In the wisdom books of the Bible there is a recurring theme which, for the ancient writers, was clearly one of the “big issues” of their time.
The issue is this: when and how does God judge the wicked and reward the righteous? Does God do that during our lifetime or is judgement reserved for a later time? Are the nasty (but apparently chance) things that happen to some people God’s punishments on them? Equally, do the good (but apparently chance) things that happen to others represent God’s rewards for them? Many parts of the Bible declare that God is righteous and will reward faith while punishing wrongdoing. The simplest, literal understanding of many of these passages would lead to the conclusion that God is watching what people do and brings blessing or calamity to a person’s life depending on how they are behaving.
Take Psalm 37:1-4 for example:
“Fret not yourself because of evildoers, be not envious of wrongdoers. For they shall soon fade like grass, and wither like the green herb. Trust in the Lord, and do good; dwell in the land, and befriend faithfulness. Delight yourself in the Lord; and he will give you the desires of your heart.”
This issue is particularly addressed in the book of Job in the argument between Job and his three friends and the way Job presents his point of view raises some interesting perspectives.
In a nutshell, Job’s friends argued for the “doctrine of immediate retribution” that is, God punishes or rewards people during their lifetime. On this basis they concluded that Job’s suffering must have been as a result of his wicked behaviour. It has often been commented that their basic premise that “God will judge righteously” is scriptural. There are plenty of examples of a simple, literal reading of God’s word apparently supporting the friends’ position. Good examples would include Deuteronomy 28 where the Israelites are told that if they abide by God’s law they will receive blessings, however if they do not, curses and calamity will befall them, also, Ezekiel 18 with its principle of “the soul that sins, it shall die” declares that if a man is righteous he will live (v5-9) but if a man is evil he will die (v10-12).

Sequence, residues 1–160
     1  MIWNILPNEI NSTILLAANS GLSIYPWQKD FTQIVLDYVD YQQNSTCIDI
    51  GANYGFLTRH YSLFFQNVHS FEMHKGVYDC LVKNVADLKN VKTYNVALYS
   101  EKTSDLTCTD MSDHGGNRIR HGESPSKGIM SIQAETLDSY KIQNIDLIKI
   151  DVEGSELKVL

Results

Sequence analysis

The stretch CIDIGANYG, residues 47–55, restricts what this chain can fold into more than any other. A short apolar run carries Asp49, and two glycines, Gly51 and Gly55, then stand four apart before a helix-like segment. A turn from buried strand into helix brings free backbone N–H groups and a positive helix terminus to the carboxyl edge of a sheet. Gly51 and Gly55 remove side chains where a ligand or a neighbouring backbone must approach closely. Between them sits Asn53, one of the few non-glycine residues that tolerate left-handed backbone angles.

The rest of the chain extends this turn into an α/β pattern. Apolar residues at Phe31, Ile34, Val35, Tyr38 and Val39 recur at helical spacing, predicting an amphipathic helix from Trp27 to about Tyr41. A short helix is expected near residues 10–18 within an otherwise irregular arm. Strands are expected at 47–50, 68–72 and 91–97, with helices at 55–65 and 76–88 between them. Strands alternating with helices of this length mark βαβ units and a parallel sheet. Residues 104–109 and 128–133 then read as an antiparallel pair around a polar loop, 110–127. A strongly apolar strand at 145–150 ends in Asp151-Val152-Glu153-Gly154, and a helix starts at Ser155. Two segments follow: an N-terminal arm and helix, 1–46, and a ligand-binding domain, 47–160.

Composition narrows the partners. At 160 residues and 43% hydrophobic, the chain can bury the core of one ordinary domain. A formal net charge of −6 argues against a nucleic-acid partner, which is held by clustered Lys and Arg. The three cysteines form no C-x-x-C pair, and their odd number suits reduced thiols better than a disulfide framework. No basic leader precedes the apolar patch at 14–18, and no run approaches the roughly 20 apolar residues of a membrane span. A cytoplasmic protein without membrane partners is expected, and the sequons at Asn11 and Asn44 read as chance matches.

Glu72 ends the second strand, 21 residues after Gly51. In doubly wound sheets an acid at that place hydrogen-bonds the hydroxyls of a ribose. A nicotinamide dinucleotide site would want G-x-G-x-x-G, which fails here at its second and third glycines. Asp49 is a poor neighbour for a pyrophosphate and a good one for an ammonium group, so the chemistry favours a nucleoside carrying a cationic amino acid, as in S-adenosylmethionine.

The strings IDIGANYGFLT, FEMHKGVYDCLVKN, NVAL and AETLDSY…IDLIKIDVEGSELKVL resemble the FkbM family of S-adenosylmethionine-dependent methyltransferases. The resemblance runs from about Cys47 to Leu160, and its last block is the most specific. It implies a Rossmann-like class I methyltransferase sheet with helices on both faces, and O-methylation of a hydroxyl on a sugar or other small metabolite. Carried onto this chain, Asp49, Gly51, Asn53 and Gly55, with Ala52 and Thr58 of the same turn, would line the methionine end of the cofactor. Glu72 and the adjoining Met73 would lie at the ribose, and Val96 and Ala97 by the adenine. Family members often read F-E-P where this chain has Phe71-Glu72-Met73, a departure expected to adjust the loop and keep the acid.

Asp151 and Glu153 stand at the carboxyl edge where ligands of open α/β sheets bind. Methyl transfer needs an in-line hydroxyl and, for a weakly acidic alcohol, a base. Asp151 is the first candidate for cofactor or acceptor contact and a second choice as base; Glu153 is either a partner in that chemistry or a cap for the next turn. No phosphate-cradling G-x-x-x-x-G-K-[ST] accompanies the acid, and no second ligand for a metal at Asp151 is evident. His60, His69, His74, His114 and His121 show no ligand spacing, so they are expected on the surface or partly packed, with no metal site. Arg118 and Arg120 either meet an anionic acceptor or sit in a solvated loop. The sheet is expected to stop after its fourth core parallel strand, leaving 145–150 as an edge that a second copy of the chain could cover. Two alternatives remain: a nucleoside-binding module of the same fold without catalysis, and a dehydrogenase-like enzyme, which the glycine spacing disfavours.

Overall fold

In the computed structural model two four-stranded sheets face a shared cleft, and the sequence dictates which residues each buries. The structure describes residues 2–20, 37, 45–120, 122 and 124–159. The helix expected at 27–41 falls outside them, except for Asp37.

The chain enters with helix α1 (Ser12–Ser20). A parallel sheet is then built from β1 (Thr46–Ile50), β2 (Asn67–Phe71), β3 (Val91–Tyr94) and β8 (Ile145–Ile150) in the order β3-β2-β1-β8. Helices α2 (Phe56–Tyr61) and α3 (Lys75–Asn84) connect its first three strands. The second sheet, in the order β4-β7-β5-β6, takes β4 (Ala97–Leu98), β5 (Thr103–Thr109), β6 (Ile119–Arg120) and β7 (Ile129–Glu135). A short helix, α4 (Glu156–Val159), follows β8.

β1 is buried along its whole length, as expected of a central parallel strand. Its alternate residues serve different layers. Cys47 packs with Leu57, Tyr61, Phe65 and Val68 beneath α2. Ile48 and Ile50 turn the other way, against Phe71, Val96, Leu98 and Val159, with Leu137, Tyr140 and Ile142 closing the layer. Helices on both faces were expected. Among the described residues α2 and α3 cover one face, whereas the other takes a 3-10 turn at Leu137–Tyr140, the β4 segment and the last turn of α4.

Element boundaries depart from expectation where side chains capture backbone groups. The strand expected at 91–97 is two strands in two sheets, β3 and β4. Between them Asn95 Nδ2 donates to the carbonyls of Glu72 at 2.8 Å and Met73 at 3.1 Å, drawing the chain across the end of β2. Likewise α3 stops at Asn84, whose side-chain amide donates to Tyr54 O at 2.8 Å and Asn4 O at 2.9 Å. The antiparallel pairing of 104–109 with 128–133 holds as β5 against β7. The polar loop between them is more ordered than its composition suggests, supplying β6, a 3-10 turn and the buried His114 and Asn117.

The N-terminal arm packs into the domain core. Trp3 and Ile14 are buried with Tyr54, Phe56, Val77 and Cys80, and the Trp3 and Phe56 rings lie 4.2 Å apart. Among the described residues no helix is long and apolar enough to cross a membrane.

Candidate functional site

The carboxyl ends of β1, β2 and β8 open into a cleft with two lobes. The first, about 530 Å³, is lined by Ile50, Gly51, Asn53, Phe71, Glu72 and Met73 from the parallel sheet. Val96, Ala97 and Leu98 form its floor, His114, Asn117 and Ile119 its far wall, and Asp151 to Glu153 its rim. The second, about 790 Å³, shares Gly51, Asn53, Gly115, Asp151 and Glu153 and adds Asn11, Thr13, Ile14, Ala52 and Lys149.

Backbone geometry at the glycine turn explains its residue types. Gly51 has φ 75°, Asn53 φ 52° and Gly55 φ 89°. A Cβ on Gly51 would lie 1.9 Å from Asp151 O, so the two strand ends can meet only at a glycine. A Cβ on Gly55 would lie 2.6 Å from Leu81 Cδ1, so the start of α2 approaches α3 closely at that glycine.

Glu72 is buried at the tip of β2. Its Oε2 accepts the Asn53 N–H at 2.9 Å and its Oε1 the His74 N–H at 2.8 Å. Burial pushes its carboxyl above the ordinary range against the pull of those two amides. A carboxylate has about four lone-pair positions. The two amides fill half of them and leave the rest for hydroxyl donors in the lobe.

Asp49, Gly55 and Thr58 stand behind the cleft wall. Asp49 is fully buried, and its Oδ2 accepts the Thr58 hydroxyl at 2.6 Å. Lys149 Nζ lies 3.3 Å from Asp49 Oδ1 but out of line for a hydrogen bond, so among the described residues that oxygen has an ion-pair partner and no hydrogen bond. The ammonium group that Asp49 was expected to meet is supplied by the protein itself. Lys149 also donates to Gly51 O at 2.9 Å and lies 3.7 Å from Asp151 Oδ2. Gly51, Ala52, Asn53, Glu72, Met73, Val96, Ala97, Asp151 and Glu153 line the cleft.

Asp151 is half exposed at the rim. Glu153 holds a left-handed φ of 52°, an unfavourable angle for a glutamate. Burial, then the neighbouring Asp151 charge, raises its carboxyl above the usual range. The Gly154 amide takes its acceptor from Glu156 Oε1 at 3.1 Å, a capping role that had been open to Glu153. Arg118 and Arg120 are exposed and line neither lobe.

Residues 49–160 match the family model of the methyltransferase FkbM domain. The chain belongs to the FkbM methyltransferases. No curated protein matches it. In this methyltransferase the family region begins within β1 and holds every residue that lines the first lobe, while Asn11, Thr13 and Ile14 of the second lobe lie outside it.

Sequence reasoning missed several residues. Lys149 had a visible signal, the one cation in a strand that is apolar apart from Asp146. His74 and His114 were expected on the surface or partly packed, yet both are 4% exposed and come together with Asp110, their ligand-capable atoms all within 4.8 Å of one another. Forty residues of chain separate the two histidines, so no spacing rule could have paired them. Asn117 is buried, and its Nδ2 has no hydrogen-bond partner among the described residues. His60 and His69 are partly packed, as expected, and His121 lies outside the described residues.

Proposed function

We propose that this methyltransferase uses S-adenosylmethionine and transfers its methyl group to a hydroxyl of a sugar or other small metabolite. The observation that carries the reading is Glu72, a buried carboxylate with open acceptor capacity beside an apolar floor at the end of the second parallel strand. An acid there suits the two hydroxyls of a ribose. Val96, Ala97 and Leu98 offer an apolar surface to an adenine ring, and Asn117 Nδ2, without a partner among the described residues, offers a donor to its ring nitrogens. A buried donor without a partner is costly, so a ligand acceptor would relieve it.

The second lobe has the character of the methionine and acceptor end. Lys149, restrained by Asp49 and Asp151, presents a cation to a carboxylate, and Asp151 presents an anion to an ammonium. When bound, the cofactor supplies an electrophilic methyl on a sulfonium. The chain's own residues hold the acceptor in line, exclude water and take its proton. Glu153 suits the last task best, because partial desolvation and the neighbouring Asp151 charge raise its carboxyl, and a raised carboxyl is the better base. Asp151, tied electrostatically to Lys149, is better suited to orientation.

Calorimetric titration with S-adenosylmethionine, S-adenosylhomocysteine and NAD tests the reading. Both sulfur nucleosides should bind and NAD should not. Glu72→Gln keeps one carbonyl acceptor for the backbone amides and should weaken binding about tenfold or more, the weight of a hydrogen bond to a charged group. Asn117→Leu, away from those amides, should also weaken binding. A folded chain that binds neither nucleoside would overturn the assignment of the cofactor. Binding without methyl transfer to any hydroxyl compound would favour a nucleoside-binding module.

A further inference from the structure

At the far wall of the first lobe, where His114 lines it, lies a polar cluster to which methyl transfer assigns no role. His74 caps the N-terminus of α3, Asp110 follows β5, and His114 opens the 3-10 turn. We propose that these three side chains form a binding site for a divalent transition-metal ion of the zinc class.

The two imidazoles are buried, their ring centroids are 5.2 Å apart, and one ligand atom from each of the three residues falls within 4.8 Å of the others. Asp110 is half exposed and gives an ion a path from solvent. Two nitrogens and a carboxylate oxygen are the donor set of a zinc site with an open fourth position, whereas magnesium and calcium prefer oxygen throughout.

However, the point of interest relates to how Job counters his friends’ argument. We notice that he appeals to the evidence of what he can see in the world around him. He particularly makes this point at length in chapter 21, for example this extract from Job 21:28-30.
“For you say, ‘Where is the house of the prince? Where is the tent in which the wicked lived?’ Have you not asked those who travel the roads, and do you not accept their testimony that the evil man is spared in the day of calamity, that he is rescued in the day of wrath?”
His counter argument to his friends is: “your explanation of what God is doing must be wrong because it is not consistent with what we can see going on in the world”. Job therefore rejected the friends’ simplistic understanding and sought for an alternative interpretation of how and when God will judge. His conclusion, expressed in Job 19:25-26, was that God would carry out his righteous judgement at a future time following a resurrection.
“For I know that my Redeemer lives, and at the last he will stand upon the earth. And after my skin has been thus destroyed, yet in my flesh I shall see God.”
What Job did was bring together God’s revelation with his observations of the world. He applied his ability to reason and derived an understanding which made them consistent. The wisdom of Job and his approach to bringing God’s revelation to life in the real world is timeless and speaks to the same questions men and women have today.